Question of the Week posts review important questions and controversies in global development by providing background information and links to a full spectrum of analysis and opinion. Today’s post tackles the debate over randomized controlled trials (RCTs), which have emerged as an important tool for measuring the success of development interventions.

Read more »

Battling Africa’s Resource Curse

by Terra Lawson-Remer Thursday, August 9, 2012
Artisanal diamond miners work at Tumbodu, north of the town of Koidu in eastern Sierra Leone, March 3, 2012 (Simon Akam/Courtesy Reuters). Artisanal diamond miners work at Tumbodu, north of the town of Koidu in eastern Sierra Leone, March 3, 2012 (Simon Akam/Courtesy Reuters).

In an article in this month’s Africa in Fact, Joshua Greenstein and I proposed measures that could help direct Africa’s natural resource wealth into investments for development—instead of into the pockets of corrupt officials. We argue that African governments, donors, multilateral institutions, the extractive industry, banks, and civil society all have roles to play in boosting transparency and accountability, and we offer policy prescriptions on how the challenge can be addressed. As the article concludes: Read more »

Democracy in Development: Food Security and Innovations for Africa’s Agriculture

by Isobel Coleman Wednesday, August 8, 2012
A farmer uses one of KickStart's pumps to irrigate farmland in Africa (Courtesy KickStart). A farmer uses one of KickStart's pumps to irrigate farmland in Africa (Courtesy KickStart).

Yesterday on my blog, I wrote about Africa’s unrealized agricultural potential and the efforts of KickStart, a non-profit that is working to boost yields through low-cost irrigation technology. As I write: Read more »

Emerging Voices: Oshry, Bradlow, Miller, and Hansen on Technology for Agriculture in Africa

by Guest Blogger for Isobel Coleman Tuesday, August 7, 2012
This graph shows the impact of 1 percent GDP growth in the agricultural and non-agricultural sectors on the incomes of people in different income deciles. The study, based on data from 42 countries from 1981 to 2003, measures people's expenditures, which are typically correlated with income. (Ligon and Sadoulet, "Estimating the Effects of Aggregate Agricultural Growth on the Distribution of Expenditures." Background paper for the World Development Report 2008.) This graph shows the impact of 1 percent GDP growth in the agricultural and non-agricultural sectors on the incomes of people in different income deciles. The study, based on data from 42 countries from 1981 to 2003, measures people's expenditures, which are typically correlated with income. (Ligon and Sadoulet, "Estimating the Effects of Aggregate Agricultural Growth on the Distribution of Expenditures." Background paper for the World Development Report 2008.)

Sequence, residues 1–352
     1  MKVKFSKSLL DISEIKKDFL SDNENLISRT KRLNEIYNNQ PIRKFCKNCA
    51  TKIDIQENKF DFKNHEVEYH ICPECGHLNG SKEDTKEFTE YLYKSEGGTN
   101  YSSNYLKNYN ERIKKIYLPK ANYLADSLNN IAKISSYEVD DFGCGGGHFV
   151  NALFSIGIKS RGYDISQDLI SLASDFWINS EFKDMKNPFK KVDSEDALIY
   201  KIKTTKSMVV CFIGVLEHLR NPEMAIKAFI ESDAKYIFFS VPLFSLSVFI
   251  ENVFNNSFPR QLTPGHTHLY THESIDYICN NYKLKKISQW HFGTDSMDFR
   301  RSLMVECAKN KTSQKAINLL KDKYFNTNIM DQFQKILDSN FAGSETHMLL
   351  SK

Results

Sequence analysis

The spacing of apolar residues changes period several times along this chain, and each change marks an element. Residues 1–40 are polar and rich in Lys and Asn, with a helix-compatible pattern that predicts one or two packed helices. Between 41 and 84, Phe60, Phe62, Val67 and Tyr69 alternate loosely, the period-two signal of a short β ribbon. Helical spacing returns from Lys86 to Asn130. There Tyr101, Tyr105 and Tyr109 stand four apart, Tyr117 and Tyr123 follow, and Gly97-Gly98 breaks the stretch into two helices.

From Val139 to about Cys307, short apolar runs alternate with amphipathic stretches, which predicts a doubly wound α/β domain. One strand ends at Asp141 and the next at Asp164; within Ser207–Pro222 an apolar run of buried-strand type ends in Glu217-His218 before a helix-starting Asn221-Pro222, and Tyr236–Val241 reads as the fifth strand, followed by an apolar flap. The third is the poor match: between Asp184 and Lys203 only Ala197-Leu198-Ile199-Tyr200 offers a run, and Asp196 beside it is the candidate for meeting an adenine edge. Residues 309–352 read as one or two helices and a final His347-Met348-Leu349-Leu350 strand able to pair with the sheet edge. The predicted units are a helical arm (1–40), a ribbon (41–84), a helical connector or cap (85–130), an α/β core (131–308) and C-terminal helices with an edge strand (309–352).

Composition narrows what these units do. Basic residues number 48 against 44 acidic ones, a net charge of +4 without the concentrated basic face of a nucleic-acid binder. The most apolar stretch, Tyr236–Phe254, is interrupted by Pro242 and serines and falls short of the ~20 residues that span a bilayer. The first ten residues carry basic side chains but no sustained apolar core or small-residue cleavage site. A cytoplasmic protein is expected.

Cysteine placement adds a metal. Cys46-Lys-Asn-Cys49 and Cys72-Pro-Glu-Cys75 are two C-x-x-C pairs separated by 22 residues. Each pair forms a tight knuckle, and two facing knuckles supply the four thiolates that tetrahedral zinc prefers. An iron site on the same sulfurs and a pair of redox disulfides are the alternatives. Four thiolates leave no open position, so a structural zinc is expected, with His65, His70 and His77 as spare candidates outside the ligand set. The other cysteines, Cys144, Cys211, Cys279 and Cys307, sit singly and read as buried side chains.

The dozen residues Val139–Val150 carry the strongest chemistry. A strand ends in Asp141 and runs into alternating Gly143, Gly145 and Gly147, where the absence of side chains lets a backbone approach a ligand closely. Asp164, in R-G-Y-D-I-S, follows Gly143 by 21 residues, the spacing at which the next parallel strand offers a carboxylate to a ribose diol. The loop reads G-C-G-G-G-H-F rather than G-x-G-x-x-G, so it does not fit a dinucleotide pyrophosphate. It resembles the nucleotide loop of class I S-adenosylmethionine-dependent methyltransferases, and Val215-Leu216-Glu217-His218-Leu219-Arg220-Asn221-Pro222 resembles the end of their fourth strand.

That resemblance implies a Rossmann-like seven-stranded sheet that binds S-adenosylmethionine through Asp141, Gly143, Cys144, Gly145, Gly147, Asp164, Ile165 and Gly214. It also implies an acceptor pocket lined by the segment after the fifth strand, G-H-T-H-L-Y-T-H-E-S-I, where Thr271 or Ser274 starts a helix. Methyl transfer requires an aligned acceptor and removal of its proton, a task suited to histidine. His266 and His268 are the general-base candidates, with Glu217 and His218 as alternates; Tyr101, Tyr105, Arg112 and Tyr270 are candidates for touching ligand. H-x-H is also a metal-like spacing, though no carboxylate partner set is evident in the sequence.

Emerging Voices features contributions from scholars and practitioners highlighting new research, thinking, and approaches to development challenges. This article is from Nadia Oshry, Adam Bradlow, Robin Miller, and Angela R. Hansen of Dalberg Global Development Advisors. Oshry, Bradlow, and Miller are based in Dalberg’s Johannesburg office; Hansen is the director of the Johannesburg office and leads the firm’s Agriculture and Food Security practice. In the article, they evaluate the potential of information and communications technology to boost agricultural production and the incomes of small-scale farmers in Africa. Read more »

New from CFR: Yanzhong Huang on the WHO

by Development Channel Staff Monday, August 6, 2012
A health worker gets a single dose of influenza vaccine in Mandaluyong City in the Philippines on April 26, 2010. At least 1.9 million doses of Influenza A (H1N1) vaccines donated by the World Health Organization (WHO) will be used to vaccinate more than 36,000 health workers, as part of the country's response to the pandemic. A health worker gets a single dose of influenza vaccine in Mandaluyong City in the Philippines on April 26, 2010. At least 1.9 million doses of Influenza A (H1N1) vaccines donated by the World Health Organization (WHO) will be used to vaccinate more than 36,000 health workers, as part of the country's response to the pandemic.

Writing last week in the New York Times International Weekly, CFR Senior Fellow Yanzhong Huang analyzed the World Health Organization’s position in the changing field of global health. Even as the WHO struggles to tackle both longstanding and novel health threats, Huang wrote, it is attracting few resources from the world’s rising powers: Read more »